Orthokeratology Facts For Non Surgical Eye Sight Correction In Chariton IA
Orthokeratology is a non-surgical treatment utilizing specially developed contact lenses to gently reshape the curvature of your eyes to make you see much better. Orthokeratology is also known by a couple of various names, the most common being ortho k, while some others consist of corneal refractive therapy, CRT, accelerated over night orthokeratology and corneal reshaping therapy. In the most standard of terms Orthokeratology or Ortho K is the science of altering the curvature or shape of the clear front part of the eye, the cornea, to alter how light is concentrated on the retina at the back of your eyes.
This is a non-surgical procedure that eliminates the need for glasses or daytime contact lenses. It enhances vision by gently molding the shape of your eyes using specially designed therapeutic contact lenses. The way that this works is that you simply put specifically fitted contact lenses in at bedtime, when you awake, you will have sharp natural vision for the rest of your waking hours.
Orthokeratology Doctor Near Me
This safe and efficient treatment can correct near-sightedness, which is also referred to as myopia, astigmatism and in many cases farsightedness. It is a great alternative to LASIK for those who don’t want the danger or are not all set for surgery
Think about the cornea as the eye’s equivalent of a watch crystal. It is a clear, dome shaped structure that overlies the colored iris. Its tissue is most similar to clear, wet skin; and like skin it is very pliable. Because the cornea separates the eye from air and the rest of the outside world and due to the fact that it has a curvature that flexes light to the back of the eye, it is accountable for the majority of the eye’s restorative power and adds to various conditions such as nearsightedness (myopia), farsightedness (hyperopia), and the blur of astigmatism.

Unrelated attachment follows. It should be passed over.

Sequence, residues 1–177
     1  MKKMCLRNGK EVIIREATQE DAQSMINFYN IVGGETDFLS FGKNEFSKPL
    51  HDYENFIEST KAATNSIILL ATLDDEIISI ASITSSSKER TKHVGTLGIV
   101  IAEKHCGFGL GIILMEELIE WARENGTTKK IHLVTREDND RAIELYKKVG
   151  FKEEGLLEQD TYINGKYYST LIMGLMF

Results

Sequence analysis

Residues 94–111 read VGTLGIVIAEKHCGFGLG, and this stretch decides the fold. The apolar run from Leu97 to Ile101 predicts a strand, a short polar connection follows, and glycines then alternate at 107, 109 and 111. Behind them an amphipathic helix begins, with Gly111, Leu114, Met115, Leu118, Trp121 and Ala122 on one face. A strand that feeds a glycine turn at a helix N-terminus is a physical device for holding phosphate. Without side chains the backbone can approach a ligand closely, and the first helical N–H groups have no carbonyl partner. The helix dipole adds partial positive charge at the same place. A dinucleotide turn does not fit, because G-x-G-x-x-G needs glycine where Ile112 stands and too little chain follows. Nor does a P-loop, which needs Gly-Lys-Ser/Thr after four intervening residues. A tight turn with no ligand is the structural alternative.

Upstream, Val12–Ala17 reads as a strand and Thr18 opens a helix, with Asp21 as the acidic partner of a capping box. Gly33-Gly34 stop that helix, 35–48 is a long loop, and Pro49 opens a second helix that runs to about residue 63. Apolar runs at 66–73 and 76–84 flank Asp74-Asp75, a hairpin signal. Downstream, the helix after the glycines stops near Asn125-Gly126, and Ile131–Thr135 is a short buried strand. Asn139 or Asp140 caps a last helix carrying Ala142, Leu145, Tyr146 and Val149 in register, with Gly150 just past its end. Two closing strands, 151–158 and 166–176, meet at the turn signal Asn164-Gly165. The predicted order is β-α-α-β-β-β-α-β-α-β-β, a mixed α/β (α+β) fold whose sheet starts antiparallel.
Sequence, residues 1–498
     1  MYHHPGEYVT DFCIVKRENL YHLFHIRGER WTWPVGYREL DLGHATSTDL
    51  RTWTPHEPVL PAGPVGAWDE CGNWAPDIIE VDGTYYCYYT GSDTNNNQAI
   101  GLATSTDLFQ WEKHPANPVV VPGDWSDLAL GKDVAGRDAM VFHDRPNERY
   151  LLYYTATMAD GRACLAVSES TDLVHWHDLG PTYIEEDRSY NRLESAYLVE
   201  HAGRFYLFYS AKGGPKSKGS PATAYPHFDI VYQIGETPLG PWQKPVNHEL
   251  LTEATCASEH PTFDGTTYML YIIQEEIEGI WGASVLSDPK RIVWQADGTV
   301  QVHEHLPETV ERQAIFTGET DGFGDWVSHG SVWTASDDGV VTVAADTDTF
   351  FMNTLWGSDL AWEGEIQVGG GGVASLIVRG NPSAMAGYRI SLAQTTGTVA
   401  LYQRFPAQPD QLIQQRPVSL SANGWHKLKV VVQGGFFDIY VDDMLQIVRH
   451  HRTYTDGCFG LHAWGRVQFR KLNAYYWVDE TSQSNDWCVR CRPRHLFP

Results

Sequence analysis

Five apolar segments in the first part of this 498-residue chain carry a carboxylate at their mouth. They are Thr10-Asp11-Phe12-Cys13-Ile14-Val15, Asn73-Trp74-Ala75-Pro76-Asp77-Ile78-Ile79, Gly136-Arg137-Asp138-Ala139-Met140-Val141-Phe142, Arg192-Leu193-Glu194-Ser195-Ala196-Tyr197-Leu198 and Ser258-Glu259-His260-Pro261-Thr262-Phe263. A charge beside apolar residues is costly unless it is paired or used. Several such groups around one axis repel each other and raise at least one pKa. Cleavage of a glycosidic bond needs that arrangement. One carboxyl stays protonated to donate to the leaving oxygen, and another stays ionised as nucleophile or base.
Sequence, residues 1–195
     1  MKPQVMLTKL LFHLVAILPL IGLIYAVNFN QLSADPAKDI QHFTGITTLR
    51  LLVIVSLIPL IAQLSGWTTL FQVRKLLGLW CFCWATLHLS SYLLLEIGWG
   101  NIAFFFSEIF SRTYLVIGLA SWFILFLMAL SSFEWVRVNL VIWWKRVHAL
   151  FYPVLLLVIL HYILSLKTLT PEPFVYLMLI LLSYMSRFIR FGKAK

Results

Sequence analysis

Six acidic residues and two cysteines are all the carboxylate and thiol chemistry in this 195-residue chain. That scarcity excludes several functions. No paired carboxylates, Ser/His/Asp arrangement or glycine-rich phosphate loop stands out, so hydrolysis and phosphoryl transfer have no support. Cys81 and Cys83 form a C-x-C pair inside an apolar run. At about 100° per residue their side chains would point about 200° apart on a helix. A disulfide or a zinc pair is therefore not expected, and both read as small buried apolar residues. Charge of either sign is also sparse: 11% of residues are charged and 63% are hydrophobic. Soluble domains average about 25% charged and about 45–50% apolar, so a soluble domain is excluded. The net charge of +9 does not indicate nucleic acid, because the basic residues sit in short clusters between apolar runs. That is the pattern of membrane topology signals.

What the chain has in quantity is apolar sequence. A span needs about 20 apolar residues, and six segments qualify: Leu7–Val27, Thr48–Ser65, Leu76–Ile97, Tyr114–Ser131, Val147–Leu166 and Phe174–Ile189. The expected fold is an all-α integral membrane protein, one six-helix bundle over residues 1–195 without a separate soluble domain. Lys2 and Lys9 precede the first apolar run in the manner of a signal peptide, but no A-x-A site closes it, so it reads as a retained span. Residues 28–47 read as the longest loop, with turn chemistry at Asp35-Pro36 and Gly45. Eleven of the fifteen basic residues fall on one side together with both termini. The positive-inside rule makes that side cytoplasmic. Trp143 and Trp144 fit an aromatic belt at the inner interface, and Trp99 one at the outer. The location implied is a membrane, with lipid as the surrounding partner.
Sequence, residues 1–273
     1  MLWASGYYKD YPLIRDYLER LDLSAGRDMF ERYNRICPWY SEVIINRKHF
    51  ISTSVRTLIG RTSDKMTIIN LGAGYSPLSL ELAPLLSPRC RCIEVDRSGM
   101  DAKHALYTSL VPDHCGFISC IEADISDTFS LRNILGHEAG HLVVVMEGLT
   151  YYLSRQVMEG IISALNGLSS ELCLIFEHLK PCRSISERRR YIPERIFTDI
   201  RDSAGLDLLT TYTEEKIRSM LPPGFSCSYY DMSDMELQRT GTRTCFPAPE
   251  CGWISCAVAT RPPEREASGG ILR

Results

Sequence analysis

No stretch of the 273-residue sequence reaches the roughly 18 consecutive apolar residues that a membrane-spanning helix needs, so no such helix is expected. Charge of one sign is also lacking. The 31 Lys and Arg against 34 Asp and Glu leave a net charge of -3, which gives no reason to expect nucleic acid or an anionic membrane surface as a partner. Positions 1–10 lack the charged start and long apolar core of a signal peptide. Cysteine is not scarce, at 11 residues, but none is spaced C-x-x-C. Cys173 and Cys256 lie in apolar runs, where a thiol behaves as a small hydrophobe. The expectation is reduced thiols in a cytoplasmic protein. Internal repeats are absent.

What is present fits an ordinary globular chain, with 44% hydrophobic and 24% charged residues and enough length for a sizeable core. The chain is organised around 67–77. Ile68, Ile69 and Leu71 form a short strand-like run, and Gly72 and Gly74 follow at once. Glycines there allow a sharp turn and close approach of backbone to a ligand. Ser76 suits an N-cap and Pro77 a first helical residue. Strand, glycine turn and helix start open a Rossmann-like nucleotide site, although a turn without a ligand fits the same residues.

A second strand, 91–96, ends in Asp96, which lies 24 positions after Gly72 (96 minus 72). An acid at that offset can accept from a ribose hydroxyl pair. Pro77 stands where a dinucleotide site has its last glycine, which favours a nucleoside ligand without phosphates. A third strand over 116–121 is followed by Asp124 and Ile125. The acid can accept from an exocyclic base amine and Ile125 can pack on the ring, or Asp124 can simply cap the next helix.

When you select Ortho-k a few crucial tests should be carried out. Chief among these tests is the decision that your eyes are healthy. Your orthokeratology doctor will most likely be an Eye doctor with specialized training in the area of corneal reshaping. He or she will take a look at the retina and also the health of the outside of the eye and the within the eye. The other key procedure is the mapping of your cornea. To do this an instrument called a corneal topographer is used. Just like a topographical map of the United States shows mountains and valleys and subtle variances in elevation; the topography of the eye reveals your doctor exactly how your cornea is shaped. The info from your corneal mapping plus the precise measurement of the size of your cornea and the prescription that is needed to correct your vision are all used to create the retainer lenses (corneal molds) that are used to produce the Ortho-k result.
On the day you get your Ortho-k retainer lenses you will be advised in how to insert, remove, and take care your vision retainers. The fit of your retainers will be assessed and you will be scheduled to be seen after your initial night of wear. On day 1, your doctor will re-evaluate your fit and recently remedied vision and another mapping of your cornea will be performed.
Throughout your preliminary fitting process, your optometrist will monitor your corneal health and the effectiveness of treatment. At certain times your retainer lens fit may be modified to accomplish your objectives.
Chariton Ortho K Contacts
Orthokeratology can produce results in a surprisingly short time period. The length of treatment to accomplish your objectives can differ from person to person and will rely on a variety of factors including your prescription, the quantity and quality of your tear production, your expectations and also something called corneal rigidness.
We advise clients that they may have to wear their retainers every night to keep their newly fixed vision. Some patients are able to lower their wearing schedule so that they just need to wear their lenses once every two to four nights. The reason for this is due to the flexibility or (rigidness) of your cornea.